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INTRODUCTION

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Water is the largest constituent of the human body. It accounts for 50% to 60% of body weight in adult females and males1 and from 60% to 70% in newborns and infants up to 2 months of age.2 Normally, about two-thirds of body water is intracellular and the rest is distributed between the smaller intravascular (plasma) and larger extravascular (interstitial) compartments. The solutes in extracellular and intracellular water differ because cell membranes possess an array of transport systems that take up or exclude specific minerals or organic compounds (Chapter 43). Sodium and its anions, which are largely excluded from cells, make up approximately 95% of extracellular solute. The others are mostly urea and glucose which normally enter cells readily by passive diffusion or active transport. The principal intracellular solutes are potassium, magnesium, and various organic compounds or phosphates. Despite these differences, the total molar concentration of solute in the two compartments is the same because cell membranes also contain channels that permit water to flow freely into or out of the cell to equalize osmotic pressure.3,4,5 The total molar concentration of the solutes that are osmotically active—that is, those that are excluded or retained by cells—is referred to as the tonicity of the fluid. It cannot be measured directly but is approximated closely by the plasma concentration of sodium and its anions. Normally, the tonicity is also similar to the osmolality or osmolarity of the fluid, which is determined by the molar concentration of all solutes and can be measured by vapor pressure or freezing point depression. The values are reported as mOsm per kilogram of water (osmolality) or mOsm per liter of water (osmolarity). Numerically, there is very little difference between them and the choice of terminology is largely a matter of personal preference. In this chapter, the term osmolarity is used to avoid confusion with references to body weight.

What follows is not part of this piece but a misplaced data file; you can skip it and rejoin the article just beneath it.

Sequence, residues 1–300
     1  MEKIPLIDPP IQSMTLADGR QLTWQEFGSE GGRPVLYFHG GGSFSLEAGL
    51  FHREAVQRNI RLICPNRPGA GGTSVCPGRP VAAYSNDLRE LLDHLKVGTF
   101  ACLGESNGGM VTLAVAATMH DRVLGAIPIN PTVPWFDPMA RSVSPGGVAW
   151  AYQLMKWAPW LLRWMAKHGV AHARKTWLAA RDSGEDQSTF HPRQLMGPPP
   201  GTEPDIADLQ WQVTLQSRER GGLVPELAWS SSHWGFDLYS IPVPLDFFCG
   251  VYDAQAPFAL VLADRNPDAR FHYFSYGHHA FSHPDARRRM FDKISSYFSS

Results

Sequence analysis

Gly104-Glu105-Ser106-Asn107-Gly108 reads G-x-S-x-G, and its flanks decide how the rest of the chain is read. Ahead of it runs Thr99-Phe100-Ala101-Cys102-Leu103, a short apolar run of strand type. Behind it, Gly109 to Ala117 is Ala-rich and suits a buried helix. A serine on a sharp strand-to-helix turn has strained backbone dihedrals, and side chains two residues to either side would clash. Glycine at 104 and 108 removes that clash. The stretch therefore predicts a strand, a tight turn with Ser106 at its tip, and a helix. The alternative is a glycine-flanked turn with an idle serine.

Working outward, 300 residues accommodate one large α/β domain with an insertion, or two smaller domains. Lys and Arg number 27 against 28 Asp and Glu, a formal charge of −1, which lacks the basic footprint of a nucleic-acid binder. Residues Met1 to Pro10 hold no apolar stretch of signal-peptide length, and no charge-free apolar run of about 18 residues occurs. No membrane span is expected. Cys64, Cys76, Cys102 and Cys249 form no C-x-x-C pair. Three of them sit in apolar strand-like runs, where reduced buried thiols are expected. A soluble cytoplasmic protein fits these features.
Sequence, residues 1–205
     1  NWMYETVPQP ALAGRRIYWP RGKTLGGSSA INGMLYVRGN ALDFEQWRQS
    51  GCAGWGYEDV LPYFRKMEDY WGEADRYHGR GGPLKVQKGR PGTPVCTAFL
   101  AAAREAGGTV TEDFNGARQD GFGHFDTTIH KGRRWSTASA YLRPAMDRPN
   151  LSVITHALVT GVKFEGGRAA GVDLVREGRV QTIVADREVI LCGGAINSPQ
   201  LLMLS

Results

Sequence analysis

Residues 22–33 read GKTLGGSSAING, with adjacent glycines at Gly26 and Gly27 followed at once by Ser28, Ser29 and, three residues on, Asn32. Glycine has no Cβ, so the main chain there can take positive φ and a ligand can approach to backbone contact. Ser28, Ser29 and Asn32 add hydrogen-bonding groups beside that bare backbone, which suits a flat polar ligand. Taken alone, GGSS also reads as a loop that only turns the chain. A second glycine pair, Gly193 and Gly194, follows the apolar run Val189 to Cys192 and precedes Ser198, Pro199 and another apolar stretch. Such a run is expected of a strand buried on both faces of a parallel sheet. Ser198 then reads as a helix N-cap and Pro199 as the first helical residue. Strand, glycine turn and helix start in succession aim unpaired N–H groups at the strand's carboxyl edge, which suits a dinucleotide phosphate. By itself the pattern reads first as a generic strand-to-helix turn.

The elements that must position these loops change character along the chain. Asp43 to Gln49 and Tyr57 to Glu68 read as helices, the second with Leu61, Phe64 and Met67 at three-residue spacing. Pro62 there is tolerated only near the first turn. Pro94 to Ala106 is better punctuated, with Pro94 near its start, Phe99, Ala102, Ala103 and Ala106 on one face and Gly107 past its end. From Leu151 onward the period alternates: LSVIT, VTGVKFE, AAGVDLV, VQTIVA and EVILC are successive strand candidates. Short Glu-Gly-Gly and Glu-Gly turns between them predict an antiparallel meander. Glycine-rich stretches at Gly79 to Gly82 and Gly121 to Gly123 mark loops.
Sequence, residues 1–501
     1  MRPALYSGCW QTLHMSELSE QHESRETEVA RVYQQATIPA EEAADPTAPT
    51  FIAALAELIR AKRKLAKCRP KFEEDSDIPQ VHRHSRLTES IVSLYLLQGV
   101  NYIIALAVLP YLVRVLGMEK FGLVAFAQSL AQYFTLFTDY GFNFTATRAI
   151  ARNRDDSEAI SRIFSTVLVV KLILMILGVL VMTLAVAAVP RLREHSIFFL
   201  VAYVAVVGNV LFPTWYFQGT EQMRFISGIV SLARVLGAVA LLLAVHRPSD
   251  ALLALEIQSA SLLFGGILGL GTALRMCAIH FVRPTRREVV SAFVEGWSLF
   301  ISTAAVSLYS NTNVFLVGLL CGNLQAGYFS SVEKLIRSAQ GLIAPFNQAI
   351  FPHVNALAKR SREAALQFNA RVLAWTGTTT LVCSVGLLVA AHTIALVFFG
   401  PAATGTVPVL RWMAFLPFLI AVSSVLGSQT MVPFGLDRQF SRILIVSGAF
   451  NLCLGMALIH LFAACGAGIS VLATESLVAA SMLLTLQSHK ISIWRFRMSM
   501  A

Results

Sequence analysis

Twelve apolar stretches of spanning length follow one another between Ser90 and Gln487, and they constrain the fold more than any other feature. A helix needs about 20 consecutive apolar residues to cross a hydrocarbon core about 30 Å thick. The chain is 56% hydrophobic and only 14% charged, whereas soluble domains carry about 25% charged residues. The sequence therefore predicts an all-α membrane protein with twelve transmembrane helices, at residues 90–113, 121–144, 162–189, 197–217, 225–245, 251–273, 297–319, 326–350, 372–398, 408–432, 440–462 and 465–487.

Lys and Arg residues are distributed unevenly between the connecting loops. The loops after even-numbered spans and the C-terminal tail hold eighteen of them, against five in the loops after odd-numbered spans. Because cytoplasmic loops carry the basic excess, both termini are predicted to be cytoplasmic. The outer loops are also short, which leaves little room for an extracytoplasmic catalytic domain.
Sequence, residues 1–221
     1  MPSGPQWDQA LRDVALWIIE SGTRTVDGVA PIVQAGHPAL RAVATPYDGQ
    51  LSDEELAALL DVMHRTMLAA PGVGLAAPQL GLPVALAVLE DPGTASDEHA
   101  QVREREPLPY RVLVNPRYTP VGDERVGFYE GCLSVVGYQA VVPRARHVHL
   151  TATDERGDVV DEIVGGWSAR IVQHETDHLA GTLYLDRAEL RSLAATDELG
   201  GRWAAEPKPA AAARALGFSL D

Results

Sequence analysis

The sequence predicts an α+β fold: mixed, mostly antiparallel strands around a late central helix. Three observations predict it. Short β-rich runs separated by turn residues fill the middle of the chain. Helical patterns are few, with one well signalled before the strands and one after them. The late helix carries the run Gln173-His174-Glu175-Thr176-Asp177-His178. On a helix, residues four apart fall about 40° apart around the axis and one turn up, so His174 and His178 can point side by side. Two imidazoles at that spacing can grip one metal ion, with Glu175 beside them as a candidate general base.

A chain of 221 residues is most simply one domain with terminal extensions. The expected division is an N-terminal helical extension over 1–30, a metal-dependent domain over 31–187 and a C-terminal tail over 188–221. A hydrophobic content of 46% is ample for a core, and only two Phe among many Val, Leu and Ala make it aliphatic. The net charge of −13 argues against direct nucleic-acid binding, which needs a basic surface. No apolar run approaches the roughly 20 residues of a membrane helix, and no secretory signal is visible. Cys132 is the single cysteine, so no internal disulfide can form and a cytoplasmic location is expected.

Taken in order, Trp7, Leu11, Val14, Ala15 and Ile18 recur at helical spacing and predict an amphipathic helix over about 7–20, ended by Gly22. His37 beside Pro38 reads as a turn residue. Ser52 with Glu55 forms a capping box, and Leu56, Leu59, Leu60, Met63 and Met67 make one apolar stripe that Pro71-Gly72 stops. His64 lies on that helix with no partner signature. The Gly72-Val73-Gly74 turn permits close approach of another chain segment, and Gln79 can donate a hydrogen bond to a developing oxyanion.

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In healthy humans, plasma osmolarity and its principal determinants, plasma sodium and its anions, are normally maintained within a relatively narrow range. This constancy is important for the regulation of cell volume since the extracellular concentration of sodium and other solutes that are excluded from cells determines the distribution of water between the intracellular and extracellular compartments. An increase in extracellular tonicity rapidly reduces cell volume by inducing an outward flow of water. A decrease has the opposite effect. The effects on cell volume may be counteracted to some extent by changes in the intracellular concentration of certain other solutes, principally potassium and certain amino acids or other organic compounds that are actively retained or produced by the cells.6 However, the primary regulator of cell volume is the tonicity of extracellular fluid. This property in turn is controlled by an elegant osmoregulatory system that raises or lowers total body water by modifying the intake and/or urinary excretion of water via changes in thirst and release of the antidiuretic ...

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